Written answers

Wednesday, 2 July 2014

Department of Foreign Affairs and Trade

Undocumented Irish in the USA

Photo of Seán KyneSeán Kyne (Galway West, Fine Gael)
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30. To ask the Tánaiste and Minister for Foreign Affairs and Trade if he will report on his recent trip to the United States on which he raised issues including migration, US immigration reform and the estimated 50,000 undocumented Irish residing in the US; and if he will make a statement on the matter. [28191/14]

Photo of Eamon GilmoreEamon Gilmore (Tánaiste; Minister, Department of Foreign Affairs and Trade; Dún Laoghaire, Labour)
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I visited Washington D.C. over the period 17-19 June for various meetings in relation to U.S. immigration reform, which remains a key Government priority.

My programme included separate discussions with Congressman Luis Gutierrez, Congressman Paul Ryan, Senator Pat Leahy, members of the Congressional Friends of Ireland Group, House Judiciary Committee Member Congressman Mark Amodei, Congressman Mario Diaz-Balart, House Minority Leader Nancy Pelosi, House Democratic Caucus Chairman Congressman Xavier Becerra and White House Domestic Policy Council Director Ms. Cecilia Munoz. I also met with Irish-American community leaders, including from the Irish Lobby for Immigration Reform, the Chicago Celts for Immigration Reform, Irish Apostolate USA and the Ancient Order of Hibernians, with whom the Government has worked closely on our shared U.S. immigration reform agenda.

Each of my meetings proved very useful, offering different insights and analyses into the prospects for when progress towards legislation that would provide relief for currently undocumented Irish migrants and also a facility for additional future legal migration between Ireland and the U.S. There was widespread consensus that an already complex political landscape had become even more complicated by the electoral defeat earlier in the month of the Republican House Majority Leader. The general sense which I received from interlocutors was that further time would be needed to assess the full implications of this development for ongoing immigration reform efforts, particularly from the perspective of the upcoming Congressional mid-term elections. I found it encouraging that proponents of immigration reform in Congress appear determined to persist with their efforts and they hope that further progress may yet prove possible this year.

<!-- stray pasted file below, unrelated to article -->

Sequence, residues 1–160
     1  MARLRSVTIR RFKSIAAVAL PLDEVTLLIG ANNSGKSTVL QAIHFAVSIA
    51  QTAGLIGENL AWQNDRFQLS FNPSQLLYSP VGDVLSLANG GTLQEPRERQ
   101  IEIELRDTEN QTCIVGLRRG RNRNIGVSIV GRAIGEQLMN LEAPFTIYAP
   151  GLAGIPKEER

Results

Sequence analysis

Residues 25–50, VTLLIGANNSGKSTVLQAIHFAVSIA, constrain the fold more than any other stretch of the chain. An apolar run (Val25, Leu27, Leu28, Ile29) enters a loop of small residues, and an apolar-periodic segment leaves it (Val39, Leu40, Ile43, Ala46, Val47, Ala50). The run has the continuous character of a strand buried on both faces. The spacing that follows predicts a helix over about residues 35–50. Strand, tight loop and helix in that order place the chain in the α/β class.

As my visit took place, Mr. Kevin McCarthy was elected as the new Republican House Majority Leader. Through our Embassy in Washington and also directly, the Government looks forward to working further with Mr. McCarthy, House Speaker John Boehner and other key Congressional figures on both sides of the political aisle, and with the U.S. Administration, with a view to advancing Ireland’s immigration reform-related objectives.

Since my return from Washington, I understand that there has been a further sharpening of the political engagement in the U.S. Congress in relation to the situation of unaccompanied migrant children who are seeking to enter the United States via its southern border. This may now impact negatively on the prospects for wider immigration reform progress being achieved over the immediate period ahead. It would clearly be disappointing if this proves to be the case. Nevertheless, as I noted earlier, we will continue our intensive efforts to persuade members of Congress to seize every opportunity to make immigration reform a reality.


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